Let s > 1, dividing the two sides of (2.8) by log s, we have
By (1.2), (2.9) and the property lim supn(an - bn) ≤ d ⇒ lim supn(an - cn) ≤ lim supn(bn - cn) + d, one gets
By (2.10) and the property of the superior above and the inequality 0 < log(1+x) ≤ x(x > 0), we obtain
Let D be a set of countable real numbers dense in the interval (1, +∞), and let A* = ∩s∈D A(s), g(s, x) = cs + sx/(s - 1), then we have by (2.12)
Let c > 0, it easy to see that if , a.e., then, for fixed ω, as a function of s attains its smallest value on the interval (1, +∞), and g(s, 0) is increasing on the interval (1, +∞) and lims→1+ g(s, 0) = 0. For each ω ∈ A* ∩ A(1), if , take κn(ω) ∈ D, n = 1, 2,..., such that . We have by the continuity of with respect to s,
By (2.13), we obtain
(2.14) and (2.15) imply
When c = 0, we have by letting s = e in (2.11),
since P (A(e)) = 1, (2.2) also holds by (2.17) when c = 0. □
Proof. Let 0 <s < 1, dividing the two sides of (2.8) by log s, we have
By (1.2), (2.20) and the property lim infn(an - bn) ≥ d ⇒ lim infn(an - cn) ≥ lim infn(bn - cn) + d, one gets
By (2.21) and the property of the inferior above and the inequality log(1+ x) ≤ x(-1 <x ≤ 0), we obtain
Let c' > 0, it easy to see that if , a.e., then, for fixed ω, as a function of s attains its maximum value , on the interval (0, 1), and h(s, 0) is increasing on the interval (0, 1) and lims→1+ h(s, 0) = c'. For each ω ∈ A*∩A(1), if , take ln(ω) ∈ D', n = 1, 2,..., such that . We have by the continuity of with respect to s,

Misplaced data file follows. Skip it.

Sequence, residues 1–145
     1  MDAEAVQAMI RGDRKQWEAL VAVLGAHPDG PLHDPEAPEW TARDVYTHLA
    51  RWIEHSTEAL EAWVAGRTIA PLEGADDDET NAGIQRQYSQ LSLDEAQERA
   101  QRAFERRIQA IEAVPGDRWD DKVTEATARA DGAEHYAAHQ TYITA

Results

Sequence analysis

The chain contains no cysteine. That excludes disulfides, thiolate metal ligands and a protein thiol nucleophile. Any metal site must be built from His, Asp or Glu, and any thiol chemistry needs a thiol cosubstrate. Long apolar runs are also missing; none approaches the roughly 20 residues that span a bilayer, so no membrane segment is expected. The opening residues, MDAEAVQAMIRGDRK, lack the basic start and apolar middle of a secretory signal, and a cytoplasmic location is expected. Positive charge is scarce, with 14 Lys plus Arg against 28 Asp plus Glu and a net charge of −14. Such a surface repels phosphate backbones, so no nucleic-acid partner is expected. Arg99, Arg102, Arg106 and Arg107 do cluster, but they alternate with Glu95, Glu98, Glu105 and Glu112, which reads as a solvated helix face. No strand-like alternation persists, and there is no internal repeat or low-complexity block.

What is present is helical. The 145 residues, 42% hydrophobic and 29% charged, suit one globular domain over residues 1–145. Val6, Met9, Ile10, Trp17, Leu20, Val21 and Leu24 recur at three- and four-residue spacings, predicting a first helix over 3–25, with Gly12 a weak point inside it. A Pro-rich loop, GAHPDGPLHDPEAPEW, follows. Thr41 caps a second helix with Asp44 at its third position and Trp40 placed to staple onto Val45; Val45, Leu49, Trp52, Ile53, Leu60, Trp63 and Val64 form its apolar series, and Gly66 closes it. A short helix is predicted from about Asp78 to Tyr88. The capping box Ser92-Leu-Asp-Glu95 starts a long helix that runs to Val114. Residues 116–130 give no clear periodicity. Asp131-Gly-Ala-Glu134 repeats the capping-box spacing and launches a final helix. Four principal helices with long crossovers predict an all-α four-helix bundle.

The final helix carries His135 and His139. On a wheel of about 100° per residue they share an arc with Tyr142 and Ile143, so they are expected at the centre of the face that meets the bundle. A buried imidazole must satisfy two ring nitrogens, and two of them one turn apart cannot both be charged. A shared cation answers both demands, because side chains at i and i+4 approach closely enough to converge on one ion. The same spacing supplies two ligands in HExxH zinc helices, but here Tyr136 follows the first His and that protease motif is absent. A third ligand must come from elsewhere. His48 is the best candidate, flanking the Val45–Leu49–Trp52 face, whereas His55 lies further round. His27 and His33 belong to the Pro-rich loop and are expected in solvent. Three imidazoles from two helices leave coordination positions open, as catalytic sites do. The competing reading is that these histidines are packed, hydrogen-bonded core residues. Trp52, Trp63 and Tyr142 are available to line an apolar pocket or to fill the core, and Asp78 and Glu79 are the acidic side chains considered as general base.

By (2.24), we obtain
(2.25) and (2.26) imply
Definition 2. (Generalized empirical distribution function) Let (Xn)n∈N be identically distribution with common distribution function F , for each m, n ∈ N, let
Fm, n = the observed frequency of values that are ≤ x from time m to m + n - 1. The F1,n is the usual empirical distribution function, hence the name given above.
In particular, let B = (-∞, x], x ∈ R in Theorems 1 and 2, we can get a strong limit theorem for the generalized empirical distribution function.
Corollary 1. Let (Xn)n∈N be i.i.d. random variables with common distribution function F, let Bn = (-∞, x], n = 1, 2,..., then
Corollary 2. Let (Xn)n∈N be independent random variables and (Bn)n∈N be as Theorem 1, then
by (2.29) and the property of the superior above and the inequality 0 ≤ log(1+x) ≤ x(x > 0), we obtain
Analogously as in the proof of Theorem 1, we obtain
The authors declare that they have no competing interests.
WZ and DF carried out the design of the study and performed the analysis. DF drafted the manuscript. All authors read and approved the final manuscript.
This work is supported by The National Natural Science Foundation of China (Grant No. 11071104) and the An Hui University of Technology research grant: D2011025. The authors would like to thank two referees for their insightful comments which resulted in improving Theorems 1, 2 and Corollary 2 significantly.
Lai, TL: Limit theorems for delayed sums. Ann Probab. 2(3), 432–440 (1974). Publisher Full Text